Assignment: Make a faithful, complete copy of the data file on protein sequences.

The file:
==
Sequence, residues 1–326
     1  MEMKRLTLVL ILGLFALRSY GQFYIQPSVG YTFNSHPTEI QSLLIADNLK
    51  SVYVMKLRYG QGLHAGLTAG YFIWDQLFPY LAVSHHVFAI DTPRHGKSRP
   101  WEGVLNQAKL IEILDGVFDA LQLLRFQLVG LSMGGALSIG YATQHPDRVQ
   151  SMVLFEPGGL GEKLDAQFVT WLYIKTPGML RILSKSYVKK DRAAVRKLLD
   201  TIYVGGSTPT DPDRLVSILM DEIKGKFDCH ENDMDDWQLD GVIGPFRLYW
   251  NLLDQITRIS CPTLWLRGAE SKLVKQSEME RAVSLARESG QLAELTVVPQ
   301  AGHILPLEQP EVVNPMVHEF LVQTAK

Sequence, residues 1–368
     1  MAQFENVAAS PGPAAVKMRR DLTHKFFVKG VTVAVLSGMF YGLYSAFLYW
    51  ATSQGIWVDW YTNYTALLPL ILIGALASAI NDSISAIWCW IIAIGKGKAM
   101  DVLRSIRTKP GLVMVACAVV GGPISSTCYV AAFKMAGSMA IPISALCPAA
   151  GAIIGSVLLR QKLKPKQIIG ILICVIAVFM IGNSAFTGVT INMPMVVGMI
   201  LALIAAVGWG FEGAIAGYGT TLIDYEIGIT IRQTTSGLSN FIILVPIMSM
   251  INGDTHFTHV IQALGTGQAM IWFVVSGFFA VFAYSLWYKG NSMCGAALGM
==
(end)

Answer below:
Sequence, residues 1–326
     1  MEMKRLTLVL ILGLFALRSY GQFYIQPSVG YTFNSHPTEI QSLLIADNLK
    51  SVYVMKLRYG QGLHAGLTAG YFIWDQLFPY LAVSHHVFAI DTPRHGKSRP
   101  WEGVLNQAKL IEILDGVFDA LQLLRFQLVG LSMGGALSIG YATQHPDRVQ
   151  SMVLFEPGGL GEKLDAQFVT WLYIKTPGML RILSKSYVKK DRAAVRKLLD
   201  TIYVGGSTPT DPDRLVSILM DEIKGKFDCH ENDMDDWQLD GVIGPFRLYW
   251  NLLDQITRIS CPTLWLRGAE SKLVKQSEME RAVSLARESG QLAELTVVPQ
   301  AGHILPLEQP EVVNPMVHEF LVQTAK

Sequence, residues 1–368
     1  MAQFENVAAS PGPAAVKMRR DLTHKFFVKG VTVAVLSGMF YGLYSAFLYW
    51  ATSQGIWVDW YTNYTALLPL ILIGALASAI NDSISAIWCW IIAIGKGKAM
   101  DVLRSIRTKP GLVMVACAVV GGPISSTCYV AAFKMAGSMA IPISALCPAA
   151  GAIIGSVLLR QKLKPKQIIG ILICVIAVFM IGNSAFTGVT INMPMVVGMI
   201  LALIAAVGWG FEGAIAGYGT TLIDYEIGIT IRQTTSGLSN FIILVPIMSM
   251  INGDTHFTHV IQALGTGQAM IWFVVSGFFA VFAYSLWYKG NSMCGAALGM